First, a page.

Sister steps up efforts to send water filters to Nepal

This story appears in the Nepal feature series. View the full series.

by Brian Roewe

NCR environment correspondent

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In the wake of the devastating earthquake in Nepal, a Catholic sister in Louisville, Kentucky, is doing her part to bring clean water to the impacted areas.

Ursuline Sr. Larraine Lauter sprang into action shortly after seeing footage of the magnitude-7.8 earthquake that struck a mountainous region near the capital city of Kathmandu on April 25. As of Friday, more than 6,000 people had died from the country’s worst quake in 80 years. The country’s army chief told NBC News the count could surpass 15,000. That many have already suffered injuries, with thousands more still missing.

Worried how contaminated water could exacerbate the death toll, Lauter, founder of Water with Blessings, began reaching out to contacts to see how she could help.

“I knew we had people there, I didn’t know if they survived. . . . It’s a heartbreaking situation,” she told NCR.

Since 2009, the organization has brought more than 2,000 military-grade water filters to impoverished areas around the globe, specifically into the hands of mothers. In 2012, she sent filters to the Sisters of Charity of Nazareth, who have a ministry based in Kathmandu.

“In times of emergency, people starting thinking you got to have the pros in there. Well, the mother is a pro. She’s a survival pro. She’s going to make sure her children and children around her drink clean water if it’s available, so we target mothers,” Lauter said.

Water with Blessings is seeking to raise $30,000 in order to send at least 1,000 filters to the impacted regions. As of Friday, it had raised nearly $5,000. In addition, a manufacturer discount that halved the usual $60 cost per filter has helped the effort.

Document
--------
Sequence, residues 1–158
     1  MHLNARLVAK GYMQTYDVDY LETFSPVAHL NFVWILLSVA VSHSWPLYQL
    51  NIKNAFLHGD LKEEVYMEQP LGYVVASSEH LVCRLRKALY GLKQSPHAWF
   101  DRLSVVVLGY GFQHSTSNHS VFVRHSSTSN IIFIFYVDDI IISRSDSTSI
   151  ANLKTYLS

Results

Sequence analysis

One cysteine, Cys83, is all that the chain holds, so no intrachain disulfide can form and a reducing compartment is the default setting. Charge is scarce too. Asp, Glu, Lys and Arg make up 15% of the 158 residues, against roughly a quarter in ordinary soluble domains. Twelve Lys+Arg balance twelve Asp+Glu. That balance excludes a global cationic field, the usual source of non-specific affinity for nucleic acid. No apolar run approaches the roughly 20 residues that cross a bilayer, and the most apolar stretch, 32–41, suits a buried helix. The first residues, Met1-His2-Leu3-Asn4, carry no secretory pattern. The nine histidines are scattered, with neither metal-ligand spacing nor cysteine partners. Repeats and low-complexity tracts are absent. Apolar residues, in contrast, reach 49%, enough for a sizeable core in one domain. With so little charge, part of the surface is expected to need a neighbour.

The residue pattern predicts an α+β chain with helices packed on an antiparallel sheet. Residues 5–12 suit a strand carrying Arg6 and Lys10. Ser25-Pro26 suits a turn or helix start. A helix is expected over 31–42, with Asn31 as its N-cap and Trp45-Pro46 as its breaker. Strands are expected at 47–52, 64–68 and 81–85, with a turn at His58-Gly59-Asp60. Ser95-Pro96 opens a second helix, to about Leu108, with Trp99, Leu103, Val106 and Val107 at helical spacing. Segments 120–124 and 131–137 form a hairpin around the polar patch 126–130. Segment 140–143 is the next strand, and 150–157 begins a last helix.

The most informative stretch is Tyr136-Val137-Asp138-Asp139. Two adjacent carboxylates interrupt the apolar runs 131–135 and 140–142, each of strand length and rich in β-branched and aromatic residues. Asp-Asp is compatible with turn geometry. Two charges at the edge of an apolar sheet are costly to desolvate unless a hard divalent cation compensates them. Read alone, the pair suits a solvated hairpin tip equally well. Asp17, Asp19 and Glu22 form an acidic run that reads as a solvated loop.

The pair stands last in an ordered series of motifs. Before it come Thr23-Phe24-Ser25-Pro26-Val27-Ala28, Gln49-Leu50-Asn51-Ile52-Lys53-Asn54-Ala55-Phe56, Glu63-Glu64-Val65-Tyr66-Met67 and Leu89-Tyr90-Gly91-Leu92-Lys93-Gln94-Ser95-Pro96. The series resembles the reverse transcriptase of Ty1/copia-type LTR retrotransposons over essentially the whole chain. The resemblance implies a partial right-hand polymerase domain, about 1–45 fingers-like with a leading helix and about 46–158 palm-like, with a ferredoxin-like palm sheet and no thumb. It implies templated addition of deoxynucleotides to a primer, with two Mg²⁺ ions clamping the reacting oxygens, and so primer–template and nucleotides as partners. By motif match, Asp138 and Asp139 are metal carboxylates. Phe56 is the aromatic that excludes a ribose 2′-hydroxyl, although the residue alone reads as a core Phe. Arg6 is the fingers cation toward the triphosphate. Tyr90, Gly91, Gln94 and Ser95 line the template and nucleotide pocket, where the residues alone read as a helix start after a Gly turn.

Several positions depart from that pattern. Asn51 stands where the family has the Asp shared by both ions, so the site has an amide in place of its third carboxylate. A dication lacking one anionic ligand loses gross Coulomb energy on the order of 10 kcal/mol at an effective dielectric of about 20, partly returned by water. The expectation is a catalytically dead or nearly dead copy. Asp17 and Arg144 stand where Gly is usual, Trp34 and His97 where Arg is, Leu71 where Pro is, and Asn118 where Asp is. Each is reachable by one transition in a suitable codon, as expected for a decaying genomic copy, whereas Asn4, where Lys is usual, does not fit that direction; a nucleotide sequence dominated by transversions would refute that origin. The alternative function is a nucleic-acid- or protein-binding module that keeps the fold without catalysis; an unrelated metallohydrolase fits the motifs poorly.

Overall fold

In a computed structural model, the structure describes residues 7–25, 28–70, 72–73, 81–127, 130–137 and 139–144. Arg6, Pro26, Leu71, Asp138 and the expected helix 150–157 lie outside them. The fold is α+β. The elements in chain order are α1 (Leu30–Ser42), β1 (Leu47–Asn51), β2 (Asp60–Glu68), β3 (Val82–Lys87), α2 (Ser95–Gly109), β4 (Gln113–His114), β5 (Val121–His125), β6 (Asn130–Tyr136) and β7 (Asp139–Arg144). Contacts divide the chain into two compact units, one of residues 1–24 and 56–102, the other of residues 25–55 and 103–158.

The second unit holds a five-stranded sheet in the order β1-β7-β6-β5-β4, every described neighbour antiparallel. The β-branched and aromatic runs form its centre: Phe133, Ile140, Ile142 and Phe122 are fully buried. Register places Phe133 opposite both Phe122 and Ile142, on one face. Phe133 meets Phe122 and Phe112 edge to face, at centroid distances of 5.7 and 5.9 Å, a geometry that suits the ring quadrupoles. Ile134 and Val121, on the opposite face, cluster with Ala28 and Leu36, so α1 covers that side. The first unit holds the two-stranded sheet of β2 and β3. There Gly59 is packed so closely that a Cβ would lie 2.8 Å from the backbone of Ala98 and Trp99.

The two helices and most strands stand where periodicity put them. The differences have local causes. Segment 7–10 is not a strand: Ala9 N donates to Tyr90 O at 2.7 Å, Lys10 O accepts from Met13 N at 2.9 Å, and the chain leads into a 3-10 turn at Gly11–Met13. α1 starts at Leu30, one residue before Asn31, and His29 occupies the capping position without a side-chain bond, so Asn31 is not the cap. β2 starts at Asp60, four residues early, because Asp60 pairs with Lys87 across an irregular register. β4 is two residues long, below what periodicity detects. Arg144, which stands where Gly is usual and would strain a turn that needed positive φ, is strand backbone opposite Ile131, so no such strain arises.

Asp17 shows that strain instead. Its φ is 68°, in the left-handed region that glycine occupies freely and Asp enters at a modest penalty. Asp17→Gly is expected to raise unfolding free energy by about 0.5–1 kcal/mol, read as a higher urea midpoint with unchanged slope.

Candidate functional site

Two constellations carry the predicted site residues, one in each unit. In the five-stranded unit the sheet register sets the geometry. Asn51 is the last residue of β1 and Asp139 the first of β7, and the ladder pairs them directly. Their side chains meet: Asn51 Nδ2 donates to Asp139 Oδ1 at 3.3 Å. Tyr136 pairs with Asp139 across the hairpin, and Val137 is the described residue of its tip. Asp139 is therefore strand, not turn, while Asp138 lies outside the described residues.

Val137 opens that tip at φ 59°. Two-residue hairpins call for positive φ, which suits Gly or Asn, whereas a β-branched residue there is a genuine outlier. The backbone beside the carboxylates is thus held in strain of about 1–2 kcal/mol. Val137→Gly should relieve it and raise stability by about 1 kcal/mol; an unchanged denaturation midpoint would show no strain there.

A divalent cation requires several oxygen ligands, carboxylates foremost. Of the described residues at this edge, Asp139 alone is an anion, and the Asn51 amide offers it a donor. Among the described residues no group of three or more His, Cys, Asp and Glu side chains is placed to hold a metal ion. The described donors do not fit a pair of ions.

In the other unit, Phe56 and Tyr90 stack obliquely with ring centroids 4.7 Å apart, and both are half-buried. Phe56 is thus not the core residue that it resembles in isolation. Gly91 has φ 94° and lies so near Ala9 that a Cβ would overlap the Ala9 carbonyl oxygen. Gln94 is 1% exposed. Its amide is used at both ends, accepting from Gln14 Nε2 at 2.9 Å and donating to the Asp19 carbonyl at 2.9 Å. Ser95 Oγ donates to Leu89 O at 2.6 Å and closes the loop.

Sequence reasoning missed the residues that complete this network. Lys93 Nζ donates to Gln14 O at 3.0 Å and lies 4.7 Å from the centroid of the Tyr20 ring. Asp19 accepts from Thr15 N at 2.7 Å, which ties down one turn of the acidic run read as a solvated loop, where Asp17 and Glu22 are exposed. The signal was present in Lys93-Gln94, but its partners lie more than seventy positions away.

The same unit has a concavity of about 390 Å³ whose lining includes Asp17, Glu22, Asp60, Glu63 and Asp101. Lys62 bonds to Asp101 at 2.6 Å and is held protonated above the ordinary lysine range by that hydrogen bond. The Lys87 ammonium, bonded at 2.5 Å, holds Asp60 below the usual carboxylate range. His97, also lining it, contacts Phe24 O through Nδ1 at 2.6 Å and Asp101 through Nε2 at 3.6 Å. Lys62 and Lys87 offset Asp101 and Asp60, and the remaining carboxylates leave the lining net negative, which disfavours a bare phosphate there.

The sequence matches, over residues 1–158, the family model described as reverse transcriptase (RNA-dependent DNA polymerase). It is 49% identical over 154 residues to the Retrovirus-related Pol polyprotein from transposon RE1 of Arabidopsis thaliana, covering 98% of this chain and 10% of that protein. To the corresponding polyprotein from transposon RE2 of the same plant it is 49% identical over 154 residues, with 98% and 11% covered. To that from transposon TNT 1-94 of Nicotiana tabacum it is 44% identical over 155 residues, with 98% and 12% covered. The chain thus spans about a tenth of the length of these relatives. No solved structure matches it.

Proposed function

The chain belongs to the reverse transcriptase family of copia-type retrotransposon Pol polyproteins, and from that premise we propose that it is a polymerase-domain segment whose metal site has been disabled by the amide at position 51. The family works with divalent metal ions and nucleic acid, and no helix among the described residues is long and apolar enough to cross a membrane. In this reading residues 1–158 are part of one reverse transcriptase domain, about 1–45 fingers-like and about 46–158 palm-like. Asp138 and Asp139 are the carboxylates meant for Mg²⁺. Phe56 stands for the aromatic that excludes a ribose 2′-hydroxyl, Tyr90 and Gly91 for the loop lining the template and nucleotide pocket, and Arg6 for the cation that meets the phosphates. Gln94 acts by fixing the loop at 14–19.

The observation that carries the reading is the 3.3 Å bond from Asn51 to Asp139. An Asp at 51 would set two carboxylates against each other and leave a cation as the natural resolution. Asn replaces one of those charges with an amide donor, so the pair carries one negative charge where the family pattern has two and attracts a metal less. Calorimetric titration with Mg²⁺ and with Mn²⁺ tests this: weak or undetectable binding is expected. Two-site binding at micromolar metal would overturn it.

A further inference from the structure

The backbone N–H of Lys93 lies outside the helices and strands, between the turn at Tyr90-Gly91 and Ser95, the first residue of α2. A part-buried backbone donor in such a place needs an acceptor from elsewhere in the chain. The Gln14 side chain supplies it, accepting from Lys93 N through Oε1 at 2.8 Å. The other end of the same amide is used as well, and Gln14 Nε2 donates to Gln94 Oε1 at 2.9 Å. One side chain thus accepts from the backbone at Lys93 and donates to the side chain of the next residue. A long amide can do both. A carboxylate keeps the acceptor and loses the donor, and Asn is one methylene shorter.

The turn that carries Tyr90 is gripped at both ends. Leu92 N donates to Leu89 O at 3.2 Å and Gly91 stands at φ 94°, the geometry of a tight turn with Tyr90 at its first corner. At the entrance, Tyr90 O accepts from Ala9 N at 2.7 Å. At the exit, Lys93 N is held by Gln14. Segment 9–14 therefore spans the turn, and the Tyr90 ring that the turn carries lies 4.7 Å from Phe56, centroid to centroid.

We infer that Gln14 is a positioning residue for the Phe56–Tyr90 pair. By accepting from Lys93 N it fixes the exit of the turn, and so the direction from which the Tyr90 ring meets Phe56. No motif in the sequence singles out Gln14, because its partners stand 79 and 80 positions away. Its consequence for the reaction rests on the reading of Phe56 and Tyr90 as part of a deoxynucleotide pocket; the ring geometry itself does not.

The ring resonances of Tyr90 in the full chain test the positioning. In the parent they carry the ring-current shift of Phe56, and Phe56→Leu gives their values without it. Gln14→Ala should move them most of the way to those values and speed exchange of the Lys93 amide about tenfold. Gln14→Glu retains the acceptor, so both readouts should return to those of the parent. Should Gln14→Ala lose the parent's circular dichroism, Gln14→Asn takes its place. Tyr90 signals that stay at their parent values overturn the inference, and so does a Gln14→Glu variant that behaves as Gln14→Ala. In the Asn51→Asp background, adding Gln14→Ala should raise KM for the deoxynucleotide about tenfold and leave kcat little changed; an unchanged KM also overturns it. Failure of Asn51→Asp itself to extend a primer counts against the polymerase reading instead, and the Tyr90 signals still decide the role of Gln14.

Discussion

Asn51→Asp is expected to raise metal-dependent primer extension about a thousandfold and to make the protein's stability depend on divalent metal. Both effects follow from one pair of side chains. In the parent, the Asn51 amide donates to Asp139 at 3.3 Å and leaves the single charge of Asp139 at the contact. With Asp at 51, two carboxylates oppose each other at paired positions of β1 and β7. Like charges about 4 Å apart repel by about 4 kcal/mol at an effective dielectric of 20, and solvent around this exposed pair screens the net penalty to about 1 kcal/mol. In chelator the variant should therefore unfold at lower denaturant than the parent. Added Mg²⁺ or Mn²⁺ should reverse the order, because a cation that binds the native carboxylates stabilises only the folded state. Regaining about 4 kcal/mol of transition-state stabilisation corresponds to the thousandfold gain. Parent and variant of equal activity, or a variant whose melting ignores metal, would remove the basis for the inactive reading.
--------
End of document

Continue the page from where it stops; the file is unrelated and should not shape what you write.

“We’re just trying our best to get the word out to folks because we need donations. We need support,” she said.

Though Lauter would like to deliver them herself, she has instead partnered with groups with more established ties in Nepal.

“Basically, we’re shaking the bushes for anybody going to Nepal,” she said.

On Thursday afternoon, Lauter spoke with one of the Sisters of Charity, who told her the scene on the ground reflected what news reports have shown.

“She said the sisters are sleeping on the street with others [for fear of further building collapses] but that they have begun their relief work. . . . There seems to be a lot of chaos,” Lauter said.

In addition, Water with Blessings has also partnered with Good Neighbor Nepal, Heartland International Ministries, Circle of Health International and Tia’s Relief Project to bring the filters from the U.S. to the Southeast Asian nation. So far, she has sent nearly 250 filters with groups heading to Nepal. Some will take the filters themselves to villages, while others will pass them off to the Sisters of Charity or a group called International Nepal Fellowship.

The Sawyer PointONE filter system is a passive filtration system. It uses gravity, rather chemistry, electricity or chlorine, to pass water through a .1 absolute micron filter that catches 99.999 percent of all biological pathogens. With proper care, the system is useable for at minimum a decade, and can filter a million gallons, or 500 gallons a day.

“The technology is very durable, very reliable,” Lauter said.

In addition to teaching the women how to use the filters, the Water with Blessings program emphasizes good sanitation and hygiene practices as well as a spiritual component attached to providing water for others. In a situation like Nepal, where 81.3 percent of the population is Hindu (and only 1.4 percent Christian), the program substitutes interfaith materials so as to not proselytize.

In September, Water with Blessings received the Clarence E. Moore Award for Excellence in Voluntary Service Organization from the Pan American Health Organization for its water intervention project.

[Brian Roewe is an NCR staff writer. His email address is Follow him on Twitter @BrianRoewe.]